Tea Party groups split on Senate race; poll shows Roberts with wide lead

A day after Tea Party-backed candidates lost U.S. Senate primaries in Mississippi and Oklahoma, two major conservative groups appear to be split about what to do in the upcoming Kansas primary between Sen. Pat Roberts and challenger Milton Wolf.

That split comes in the context of a new SurveyUSA poll showing Roberts leading Wolf 56-21 percent. The poll of likely GOP primary voters shows Roberts getting more than 50 percent support in every region except Kansas City, where 16 percent of those surveyed remain undecided.

The Senate Conservatives Fund, which has already spent close to $150,000 in independent expenditures supporting Wolf, mainly for direct-mail ads, put out a plea Wednesday seeking more contributions on his behalf. And they made it known they were just as upset with Kansas’ other senator, Jerry Moran, who chairs the National Republican Senate Committee, a group that raises money for incumbent Republican senators.

“And let’s take the fight for our conservative values right into the NRSC Chairman’s backyard,” said the letter from Ken Cuccinelli, a Virginia politician who is now president of SCF. “Senator Jerry Moran (R-KS) is the (very) junior senator from Kansas. He’s up for re-election in two years, so helping the grassroots rise up in Kansas is important now as well as when Moran is up for re-election.”

SCF was founded by former South Carolina Sen. Jim DeMint, who now heads the Heritage Foundation, along with his one-time aide, Matt Hoskins. Hoskins is best known for his practice of launching sustained, blistering assaults on fellow Republicans whom he sees as too moderate, something that has characterized the Milton Wolf campaign from the beginning.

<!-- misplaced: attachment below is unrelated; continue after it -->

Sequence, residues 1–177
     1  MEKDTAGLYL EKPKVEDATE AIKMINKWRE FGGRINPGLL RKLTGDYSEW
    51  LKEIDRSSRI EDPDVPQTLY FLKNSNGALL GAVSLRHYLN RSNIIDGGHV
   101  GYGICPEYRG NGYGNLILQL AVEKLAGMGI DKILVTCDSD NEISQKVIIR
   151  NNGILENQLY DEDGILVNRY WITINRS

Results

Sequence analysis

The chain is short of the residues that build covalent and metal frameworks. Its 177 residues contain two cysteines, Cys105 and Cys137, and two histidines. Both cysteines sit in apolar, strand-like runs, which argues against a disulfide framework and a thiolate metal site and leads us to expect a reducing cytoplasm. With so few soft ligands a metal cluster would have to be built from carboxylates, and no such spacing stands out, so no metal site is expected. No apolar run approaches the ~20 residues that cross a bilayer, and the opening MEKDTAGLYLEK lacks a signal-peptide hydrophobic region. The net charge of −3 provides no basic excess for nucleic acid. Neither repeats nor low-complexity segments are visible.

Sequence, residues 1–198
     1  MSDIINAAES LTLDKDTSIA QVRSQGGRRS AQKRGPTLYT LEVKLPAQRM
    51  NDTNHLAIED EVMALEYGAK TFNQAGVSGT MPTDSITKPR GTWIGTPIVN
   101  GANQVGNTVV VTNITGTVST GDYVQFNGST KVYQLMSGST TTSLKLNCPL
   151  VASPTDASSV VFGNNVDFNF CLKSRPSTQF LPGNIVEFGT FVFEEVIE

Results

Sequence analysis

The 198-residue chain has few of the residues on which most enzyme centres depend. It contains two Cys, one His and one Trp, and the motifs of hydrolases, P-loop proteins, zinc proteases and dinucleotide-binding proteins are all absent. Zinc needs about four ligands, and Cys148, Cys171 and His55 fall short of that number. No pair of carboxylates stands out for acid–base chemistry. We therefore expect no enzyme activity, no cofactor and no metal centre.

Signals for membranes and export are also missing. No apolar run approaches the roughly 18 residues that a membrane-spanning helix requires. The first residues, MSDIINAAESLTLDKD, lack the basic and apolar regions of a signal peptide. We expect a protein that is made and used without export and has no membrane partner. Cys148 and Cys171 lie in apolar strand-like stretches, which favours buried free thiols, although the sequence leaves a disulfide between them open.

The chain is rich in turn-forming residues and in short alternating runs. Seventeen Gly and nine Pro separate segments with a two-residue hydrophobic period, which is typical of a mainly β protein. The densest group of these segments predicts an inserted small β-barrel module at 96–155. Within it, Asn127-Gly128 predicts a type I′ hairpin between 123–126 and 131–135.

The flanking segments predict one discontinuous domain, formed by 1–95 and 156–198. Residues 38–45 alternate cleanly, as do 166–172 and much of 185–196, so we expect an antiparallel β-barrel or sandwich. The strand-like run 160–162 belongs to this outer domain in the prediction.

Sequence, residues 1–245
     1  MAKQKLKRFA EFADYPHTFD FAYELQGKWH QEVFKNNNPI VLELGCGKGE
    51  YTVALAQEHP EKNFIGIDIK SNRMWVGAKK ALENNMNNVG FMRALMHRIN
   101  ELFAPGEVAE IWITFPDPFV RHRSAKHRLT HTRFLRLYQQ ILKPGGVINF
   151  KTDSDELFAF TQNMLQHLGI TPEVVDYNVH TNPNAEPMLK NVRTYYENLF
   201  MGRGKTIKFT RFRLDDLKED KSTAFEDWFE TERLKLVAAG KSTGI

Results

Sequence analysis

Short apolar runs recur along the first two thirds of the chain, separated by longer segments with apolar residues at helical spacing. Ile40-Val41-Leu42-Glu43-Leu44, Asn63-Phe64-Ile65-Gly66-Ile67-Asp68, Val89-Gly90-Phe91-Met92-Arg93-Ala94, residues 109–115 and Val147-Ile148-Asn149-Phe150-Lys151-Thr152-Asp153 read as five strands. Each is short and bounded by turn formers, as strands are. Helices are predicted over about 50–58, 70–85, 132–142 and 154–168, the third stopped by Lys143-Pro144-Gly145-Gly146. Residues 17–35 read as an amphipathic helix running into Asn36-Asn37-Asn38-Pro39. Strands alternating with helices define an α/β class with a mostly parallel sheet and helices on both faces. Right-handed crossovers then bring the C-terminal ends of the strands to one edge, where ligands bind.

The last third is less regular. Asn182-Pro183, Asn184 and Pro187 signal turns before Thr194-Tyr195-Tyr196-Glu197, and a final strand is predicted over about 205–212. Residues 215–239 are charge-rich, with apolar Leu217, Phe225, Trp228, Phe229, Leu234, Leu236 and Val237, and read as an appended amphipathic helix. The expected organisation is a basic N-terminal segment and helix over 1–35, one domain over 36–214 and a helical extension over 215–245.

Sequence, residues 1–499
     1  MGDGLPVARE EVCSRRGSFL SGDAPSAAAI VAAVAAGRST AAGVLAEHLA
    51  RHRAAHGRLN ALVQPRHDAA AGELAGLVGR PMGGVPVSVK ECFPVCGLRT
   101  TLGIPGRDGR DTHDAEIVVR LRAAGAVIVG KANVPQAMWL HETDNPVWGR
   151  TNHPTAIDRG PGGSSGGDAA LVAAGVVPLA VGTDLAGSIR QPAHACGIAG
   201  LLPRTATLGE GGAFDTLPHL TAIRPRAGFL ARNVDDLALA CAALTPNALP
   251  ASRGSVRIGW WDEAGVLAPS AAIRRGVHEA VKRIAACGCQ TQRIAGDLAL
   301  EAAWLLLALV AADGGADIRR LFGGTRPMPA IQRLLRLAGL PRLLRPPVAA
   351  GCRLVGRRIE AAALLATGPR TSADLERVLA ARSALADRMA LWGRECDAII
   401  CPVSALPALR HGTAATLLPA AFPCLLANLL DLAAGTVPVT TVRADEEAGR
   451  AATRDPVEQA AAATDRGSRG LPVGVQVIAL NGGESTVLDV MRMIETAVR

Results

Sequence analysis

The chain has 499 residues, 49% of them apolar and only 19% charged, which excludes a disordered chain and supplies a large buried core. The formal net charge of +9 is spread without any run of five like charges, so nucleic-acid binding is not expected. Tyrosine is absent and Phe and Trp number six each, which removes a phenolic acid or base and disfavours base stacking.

SCF has a policy of not endorsing incumbents. So far this year, it has backed the losing challengers in Mississippi, Oklahoma and Kentucky. But it backed successful candidates for open seats in Iowa and Nebraska.

Meanwhile, the conservative group Club for Growth is staying out of the Kansas Senate primary.

“As you know, Club for Growth Action spends money only in races where its involvement can make a difference,” the group’s president Chris Chocola said in a letter Wednesday. “This means CFG Action doesn’t spend money on a sure thing. We are risk takers.”

Club for Growth hasn’t given an endorsement in the Kansas race. In 2013, the group scored Roberts’ voting record at 84 percent, reflecting how many times he voted in line with their positions.

That was up sharply from a 55 score he earned the year before, which many have taken as proof that Roberts has moved far to the right since drawing a Tea Party challenger. Since 2005, Club for Growth gives Roberts an average 74 percent rating.

Like SCF, Club for Growth also backed losing candidate in Mississippi on Tuesday. But unlike SCF, it made no apologies or excuses afterwards.

“The Mississippi Senate race was a calculated risk — unfortunately, this one didn’t go our way,” the letter stated. “But it was close. Very close. And we suspect that Senator Thad Cochran — and all Establishment Republicans — gained a new appreciation for voter frustration about the threats to economic freedom and national solvency.”

SCF, by contrast, chalked up its loss in Mississippi to Cochran abandoning Republicans and appealing to Democratic voters in that state’s open primary.

“He (Cochran) and his crony capitalist friends recruited Democrats to defeat Chris McDaniel … by the narrowest of margins. And today they are crowing about using liberal Democrat voters to win,” SCF said.